Wednesday, October 26, 2011

Case 2, Q 1

 Hi everyone,

Here's the first (take-home) question for Case 2.  Please let me know if you need more explanation to help you answer it.

Good luck, and have fun!

In Bend it Like Beckham, Jess is shown being a member of two subcultures -- Indian Britons and female soccer players.    

Using substantial information from your textbook to support your answer, identify and discuss defining elements of these subcultures  (e.g., diet, religion, clothing/fashion, romance, family structure, career/education expectations, leisure activities, household décor, etc.). 

Then, using substantial information from your textbook to support your answer, discuss how the members of these subcultures (not just Jess) use consumption and non-consumption to help create identities for themselves and express their lifestyle preferences.

Finally, please note whether you think these portrayals are stereotypes, and justify your opinion, using substantial information from your textbook to support your answer.

Image source:

Monday, October 17, 2011

No class this Wednesday

See you all next Monday!

On Wednesday, any time after noon, you're welcome to come by my office (Reid 347) to pick up your case studies.  If I'm not here, look in the folder on the outside of my door.

Photo source:

Friday, October 14, 2011


 Hi everyone.

I had written the best. blog post. ever. and was trying to make one tiny edit when I accidentally hit the "revert to draft" button.


I don't know why, but now there seems to be absolutely no record that I ever even started writing the BBPE, much less published it.  Yargh.  Maybe it has shown up in your feed, if you're subscribed to this blog.  If so, can someone please copy it for me and mail it back to me?

Anyway, I can't take the time to completely re-write the whole post, so I'm just going to include all the links that I had included the first time I wrote it.  You can look at all the posts and see if you can figure out what I was trying to say -- it'll be like a game! ... right?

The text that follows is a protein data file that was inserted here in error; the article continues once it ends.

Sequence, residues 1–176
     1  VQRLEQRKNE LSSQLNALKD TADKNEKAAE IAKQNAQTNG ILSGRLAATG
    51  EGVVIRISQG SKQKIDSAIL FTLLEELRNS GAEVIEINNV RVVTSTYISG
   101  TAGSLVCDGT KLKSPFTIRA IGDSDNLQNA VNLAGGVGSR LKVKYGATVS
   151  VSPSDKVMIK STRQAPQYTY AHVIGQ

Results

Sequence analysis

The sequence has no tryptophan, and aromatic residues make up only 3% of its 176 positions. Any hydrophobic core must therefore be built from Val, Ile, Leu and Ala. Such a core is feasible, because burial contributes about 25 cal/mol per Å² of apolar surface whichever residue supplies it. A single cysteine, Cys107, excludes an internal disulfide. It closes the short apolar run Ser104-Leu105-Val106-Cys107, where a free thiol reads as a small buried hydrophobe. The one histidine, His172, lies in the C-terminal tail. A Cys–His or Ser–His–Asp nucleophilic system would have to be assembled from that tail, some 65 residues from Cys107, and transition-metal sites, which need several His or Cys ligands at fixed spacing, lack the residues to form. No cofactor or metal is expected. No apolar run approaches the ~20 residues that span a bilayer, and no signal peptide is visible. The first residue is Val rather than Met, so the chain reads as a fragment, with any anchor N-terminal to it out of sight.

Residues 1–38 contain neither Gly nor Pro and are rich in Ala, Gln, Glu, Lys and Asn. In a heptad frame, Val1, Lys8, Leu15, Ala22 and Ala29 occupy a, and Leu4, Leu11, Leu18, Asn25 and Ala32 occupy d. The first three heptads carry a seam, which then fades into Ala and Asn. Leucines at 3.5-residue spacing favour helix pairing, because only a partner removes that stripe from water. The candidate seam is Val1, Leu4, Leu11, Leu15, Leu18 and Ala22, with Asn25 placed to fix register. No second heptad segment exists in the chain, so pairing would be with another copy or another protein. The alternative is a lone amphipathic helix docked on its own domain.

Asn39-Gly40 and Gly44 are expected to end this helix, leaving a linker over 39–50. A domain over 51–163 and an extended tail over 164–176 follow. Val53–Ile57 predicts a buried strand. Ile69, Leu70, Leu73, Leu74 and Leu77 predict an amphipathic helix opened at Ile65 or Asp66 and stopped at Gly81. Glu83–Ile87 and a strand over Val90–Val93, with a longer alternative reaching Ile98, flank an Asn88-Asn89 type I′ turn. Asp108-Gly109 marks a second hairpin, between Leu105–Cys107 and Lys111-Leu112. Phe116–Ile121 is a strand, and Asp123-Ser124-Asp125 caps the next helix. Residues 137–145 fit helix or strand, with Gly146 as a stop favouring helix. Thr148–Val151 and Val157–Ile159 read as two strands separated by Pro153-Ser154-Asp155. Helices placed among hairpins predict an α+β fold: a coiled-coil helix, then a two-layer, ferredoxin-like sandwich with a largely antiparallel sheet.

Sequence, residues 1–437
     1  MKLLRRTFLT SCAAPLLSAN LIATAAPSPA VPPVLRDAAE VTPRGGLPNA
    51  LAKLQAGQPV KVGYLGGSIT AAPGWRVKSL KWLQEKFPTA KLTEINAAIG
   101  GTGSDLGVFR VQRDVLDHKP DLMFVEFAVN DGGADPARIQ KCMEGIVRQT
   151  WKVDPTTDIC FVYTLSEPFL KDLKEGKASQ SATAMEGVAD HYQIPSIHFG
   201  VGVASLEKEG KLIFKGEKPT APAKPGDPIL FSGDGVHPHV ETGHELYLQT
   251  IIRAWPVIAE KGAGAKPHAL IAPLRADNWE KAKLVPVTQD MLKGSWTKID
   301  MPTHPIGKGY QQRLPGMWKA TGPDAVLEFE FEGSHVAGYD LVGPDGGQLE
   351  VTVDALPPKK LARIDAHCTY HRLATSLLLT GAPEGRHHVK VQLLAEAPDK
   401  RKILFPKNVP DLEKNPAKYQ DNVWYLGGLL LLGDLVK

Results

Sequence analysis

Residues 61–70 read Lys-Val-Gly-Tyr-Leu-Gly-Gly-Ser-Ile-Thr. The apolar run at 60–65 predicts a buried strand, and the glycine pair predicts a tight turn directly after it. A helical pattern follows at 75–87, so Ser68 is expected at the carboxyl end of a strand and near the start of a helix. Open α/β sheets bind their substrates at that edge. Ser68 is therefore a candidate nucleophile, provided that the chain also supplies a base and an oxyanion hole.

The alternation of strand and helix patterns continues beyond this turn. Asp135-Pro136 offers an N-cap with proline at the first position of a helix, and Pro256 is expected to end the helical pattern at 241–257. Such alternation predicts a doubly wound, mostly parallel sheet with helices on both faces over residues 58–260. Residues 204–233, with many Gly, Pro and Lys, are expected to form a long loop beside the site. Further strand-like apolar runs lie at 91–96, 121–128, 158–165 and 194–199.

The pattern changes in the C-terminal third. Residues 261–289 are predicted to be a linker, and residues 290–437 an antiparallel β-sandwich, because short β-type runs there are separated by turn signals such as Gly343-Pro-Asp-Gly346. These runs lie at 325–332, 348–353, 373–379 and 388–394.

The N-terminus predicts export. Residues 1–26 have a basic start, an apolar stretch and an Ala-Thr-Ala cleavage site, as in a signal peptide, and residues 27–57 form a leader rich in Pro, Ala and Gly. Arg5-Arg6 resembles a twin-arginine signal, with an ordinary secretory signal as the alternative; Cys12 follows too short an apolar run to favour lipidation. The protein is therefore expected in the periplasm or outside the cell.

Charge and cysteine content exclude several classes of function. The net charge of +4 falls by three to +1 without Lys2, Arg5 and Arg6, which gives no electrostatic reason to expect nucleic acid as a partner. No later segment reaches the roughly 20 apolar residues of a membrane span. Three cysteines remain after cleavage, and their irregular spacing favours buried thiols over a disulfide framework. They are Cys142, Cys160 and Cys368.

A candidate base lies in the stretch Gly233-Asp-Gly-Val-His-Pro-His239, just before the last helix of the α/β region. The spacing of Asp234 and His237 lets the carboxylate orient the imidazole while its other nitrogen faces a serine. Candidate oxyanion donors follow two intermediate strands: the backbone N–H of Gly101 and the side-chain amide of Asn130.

Okay, here goes (in order):

Journal article about how we learn
Popular press article about journal article
HUGE news about the College of Business
Article about red Solo cups
Flip Cup video
Missoni at Target
Article about Missoni at Target
Article about Missoni at
Article about the resignation of's president
Wiki page re the blogosphere

Happy weekend!


Wednesday, October 12, 2011

Case 1, question 2

The Burning Man festival, held annually in the Black Rock Desert in Nevada, emphasizes people’s experiences, interpersonal communication, sacred consumption, and playfulness.

It's a "brand-free zone," meaning that any commercial brand names, logos, etc. are forbidden from being displayed.

This doesn't prevent people from engaging in barter or other forms of trade, nor does it keep them from engaging in displays of "personal brands."  In fact, Burning Man has become a very powerful brand itself.

Discuss, in as much detail as the time will allow, how alternative consumption & non-consumption are tied to people’s ideas of themselves (e.g., their real & ideal selves, looking glass selves, extended selves, inner v. other-defined selves, etc.).  Explain & support your answer.


Notes:  Don’t make unsupported assertions, i.e., don’t assume that this question only refers to Burning Man participants, hippies, etc.  I expect proof for any blanket assertion that you make about individuals or groups of consumers. 

EVERYONE engages in alternative & non-consumption behaviors – even you! 
(Okay, I know that’s a blanket assertion J)

If you’re stumped, you might start by thinking about how can a person have “relationships” with brands/products that s/he DOESN’T consume or actively rejects. 

Remember the two biggest questions to ask yourself as you’re answering the question:

“Have I proven that this is a correct answer?”
“Have I proven that this is a complete answer?”